Researchers have identified a genetic association with facial asymmetry in an ancient cavefish, a natural trait that may solve mysteries surrounding facial asymmetries in humans conditions such as cleft palate or hemifacial microsomia. This exciting discovery by Joshua Gross, a University of Cincinnati assistant professor for the Department of Biological Sciences; and doctoral students Amanda Krutzler and Brian Carlson, is published in the research journal, Genetics.
The researchers are studying the craniofacial features of the eyeless, cave-dwelling fish, Astyanax mexicanus, which has lived in the pitch-black caves of the Sierra de El Abra region of Mexico for millions of years. They're comparing those features with closely related sighted surface-dwelling fish that are found in Mexico, Texas and New Mexico.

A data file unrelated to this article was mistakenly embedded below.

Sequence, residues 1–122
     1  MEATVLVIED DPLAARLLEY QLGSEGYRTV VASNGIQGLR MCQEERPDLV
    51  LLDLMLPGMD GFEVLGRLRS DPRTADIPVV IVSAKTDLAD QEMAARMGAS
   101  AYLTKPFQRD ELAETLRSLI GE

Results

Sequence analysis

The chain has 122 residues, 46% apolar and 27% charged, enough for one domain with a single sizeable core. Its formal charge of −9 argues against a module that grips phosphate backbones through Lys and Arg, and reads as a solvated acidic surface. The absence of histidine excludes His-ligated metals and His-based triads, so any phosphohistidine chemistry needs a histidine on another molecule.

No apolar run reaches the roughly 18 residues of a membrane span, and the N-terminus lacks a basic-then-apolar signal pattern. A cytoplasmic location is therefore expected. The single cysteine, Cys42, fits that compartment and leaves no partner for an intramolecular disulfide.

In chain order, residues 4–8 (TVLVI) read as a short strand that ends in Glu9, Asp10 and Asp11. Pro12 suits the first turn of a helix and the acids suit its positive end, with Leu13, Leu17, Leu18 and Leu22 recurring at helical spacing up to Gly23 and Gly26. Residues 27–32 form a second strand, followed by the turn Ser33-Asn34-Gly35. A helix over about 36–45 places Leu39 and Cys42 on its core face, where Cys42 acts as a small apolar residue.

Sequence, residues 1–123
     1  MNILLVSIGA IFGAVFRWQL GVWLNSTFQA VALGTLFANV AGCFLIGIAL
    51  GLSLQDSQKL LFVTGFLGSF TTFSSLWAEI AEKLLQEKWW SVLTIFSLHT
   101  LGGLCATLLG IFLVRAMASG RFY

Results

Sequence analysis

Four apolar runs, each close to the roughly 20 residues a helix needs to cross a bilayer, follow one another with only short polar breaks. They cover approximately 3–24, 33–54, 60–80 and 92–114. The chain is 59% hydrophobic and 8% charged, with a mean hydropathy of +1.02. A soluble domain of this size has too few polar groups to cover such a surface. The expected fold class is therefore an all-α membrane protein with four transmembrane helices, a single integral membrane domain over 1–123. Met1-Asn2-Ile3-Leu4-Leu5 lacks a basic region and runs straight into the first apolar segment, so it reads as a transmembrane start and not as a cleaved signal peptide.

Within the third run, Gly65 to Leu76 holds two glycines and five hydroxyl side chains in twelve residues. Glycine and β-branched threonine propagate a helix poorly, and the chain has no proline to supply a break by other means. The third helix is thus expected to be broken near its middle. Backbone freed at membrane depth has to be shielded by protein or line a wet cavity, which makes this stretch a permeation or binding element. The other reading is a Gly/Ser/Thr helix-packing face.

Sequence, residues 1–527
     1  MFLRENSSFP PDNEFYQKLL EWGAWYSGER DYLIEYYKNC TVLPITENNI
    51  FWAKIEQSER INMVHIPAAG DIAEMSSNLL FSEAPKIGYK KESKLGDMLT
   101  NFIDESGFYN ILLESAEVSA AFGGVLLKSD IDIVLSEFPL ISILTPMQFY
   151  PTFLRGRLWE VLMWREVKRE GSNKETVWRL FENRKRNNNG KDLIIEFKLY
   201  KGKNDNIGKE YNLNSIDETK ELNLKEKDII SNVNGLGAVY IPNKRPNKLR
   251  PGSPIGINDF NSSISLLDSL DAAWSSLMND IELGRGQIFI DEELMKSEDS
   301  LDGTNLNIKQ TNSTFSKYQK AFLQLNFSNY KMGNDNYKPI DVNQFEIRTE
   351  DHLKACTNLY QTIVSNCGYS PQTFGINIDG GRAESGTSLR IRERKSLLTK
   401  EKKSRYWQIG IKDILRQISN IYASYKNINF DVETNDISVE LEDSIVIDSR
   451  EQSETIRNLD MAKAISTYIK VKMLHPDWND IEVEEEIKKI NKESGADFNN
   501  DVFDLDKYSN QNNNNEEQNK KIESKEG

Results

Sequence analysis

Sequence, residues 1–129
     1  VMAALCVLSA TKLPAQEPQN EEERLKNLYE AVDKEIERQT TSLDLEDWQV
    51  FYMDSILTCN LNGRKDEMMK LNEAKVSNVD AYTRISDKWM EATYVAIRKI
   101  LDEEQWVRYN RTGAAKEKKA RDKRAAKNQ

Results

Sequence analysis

These cavefish have no eyes, although they are acutely sensitive to sound and vibration. Despite being eyeless, they have several similar bony features in their eye regions compared to their sighted, surface- dwelling counterparts. These similarities allowed the researchers to directly compare traits in the surface-dwelling fish with the cavefish. The cavefish, however, appear drastically different since they are albino and nearly translucent, compared with the darker pigmented surface-dwelling fish.
The researchers are screening the genomes of every individual fish from a hybrid pedigree housed in their lab looking for genes that may lead to variations in eye size or pigmentation. In the cavefish, they discovered genetic markers on two separate chromosomes that are associated with extensive bone fragmentation on the right side of the skull. Although bone fragmentation also occurs on the left side of the skull, no genetic associations were detected when scoring on the left side of the cranium. The sighted surface-dwelling fish never demonstrated any of these craniofacial abnormalities.
|Contact: Dawn Fuller|
University of Cincinnati